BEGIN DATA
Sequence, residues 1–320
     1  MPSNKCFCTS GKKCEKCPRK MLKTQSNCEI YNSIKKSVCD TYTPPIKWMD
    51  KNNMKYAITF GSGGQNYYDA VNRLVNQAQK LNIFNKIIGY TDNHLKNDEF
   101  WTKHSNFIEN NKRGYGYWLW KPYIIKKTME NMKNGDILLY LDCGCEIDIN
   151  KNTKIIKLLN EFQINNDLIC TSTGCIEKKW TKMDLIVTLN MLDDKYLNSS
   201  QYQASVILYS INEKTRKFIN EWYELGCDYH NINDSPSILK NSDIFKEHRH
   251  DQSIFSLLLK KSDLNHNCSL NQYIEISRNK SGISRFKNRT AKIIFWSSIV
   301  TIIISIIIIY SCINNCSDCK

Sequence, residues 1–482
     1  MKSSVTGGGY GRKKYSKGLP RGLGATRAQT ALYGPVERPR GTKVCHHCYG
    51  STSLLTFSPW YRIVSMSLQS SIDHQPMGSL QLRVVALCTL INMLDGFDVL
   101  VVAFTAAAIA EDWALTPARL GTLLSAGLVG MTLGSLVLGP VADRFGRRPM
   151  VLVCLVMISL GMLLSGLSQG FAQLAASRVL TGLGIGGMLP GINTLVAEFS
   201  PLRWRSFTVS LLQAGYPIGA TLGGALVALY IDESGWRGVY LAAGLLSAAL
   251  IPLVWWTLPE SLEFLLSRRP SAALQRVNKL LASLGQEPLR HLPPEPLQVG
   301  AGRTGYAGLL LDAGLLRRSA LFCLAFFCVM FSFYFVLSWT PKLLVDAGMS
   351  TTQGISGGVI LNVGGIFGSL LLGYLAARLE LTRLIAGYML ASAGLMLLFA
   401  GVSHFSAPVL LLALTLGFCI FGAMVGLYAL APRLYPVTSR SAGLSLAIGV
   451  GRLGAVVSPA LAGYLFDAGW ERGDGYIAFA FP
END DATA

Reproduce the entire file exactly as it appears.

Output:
Sequence, residues 1–320
     1  MPSNKCFCTS GKKCEKCPRK MLKTQSNCEI YNSIKKSVCD TYTPPIKWMD
    51  KNNMKYAITF GSGGQNYYDA VNRLVNQAQK LNIFNKIIGY TDNHLKNDEF
   101  WTKHSNFIEN NKRGYGYWLW KPYIIKKTME NMKNGDILLY LDCGCEIDIN
   151  KNTKIIKLLN EFQINNDLIC TSTGCIEKKW TKMDLIVTLN MLDDKYLNSS
   201  QYQASVILYS INEKTRKFIN EWYELGCDYH NINDSPSILK NSDIFKEHRH
   251  DQSIFSLLLK KSDLNHNCSL NQYIEISRNK SGISRFKNRT AKIIFWSSIV
   301  TIIISIIIIY SCINNCSDCK

Sequence, residues 1–482
     1  MKSSVTGGGY GRKKYSKGLP RGLGATRAQT ALYGPVERPR GTKVCHHCYG
    51  STSLLTFSPW YRIVSMSLQS SIDHQPMGSL QLRVVALCTL INMLDGFDVL
   101  VVAFTAAAIA EDWALTPARL GTLLSAGLVG MTLGSLVLGP VADRFGRRPM
   151  VLVCLVMISL GMLLSGLSQG FAQLAASRVL TGLGIGGMLP GINTLVAEFS
   201  PLRWRSFTVS LLQAGYPIGA TLGGALVALY IDESGWRGVY LAAGLLSAAL
   251  IPLVWWTLPE SLEFLLSRRP SAALQRVNKL LASLGQEPLR HLPPEPLQVG
   301  AGRTGYAGLL LDAGLLRRSA LFCLAFFCVM FSFYFVLSWT PKLLVDAGMS
   351  TTQGISGGVI LNVGGIFGSL LLGYLAARLE LTRLIAGYML ASAGLMLLFA
   401  GVSHFSAPVL LLALTLGFCI FGAMVGLYAL APRLYPVTSR SAGLSLAIGV
   451  GRLGAVVSPA LAGYLFDAGW ERGDGYIAFA FP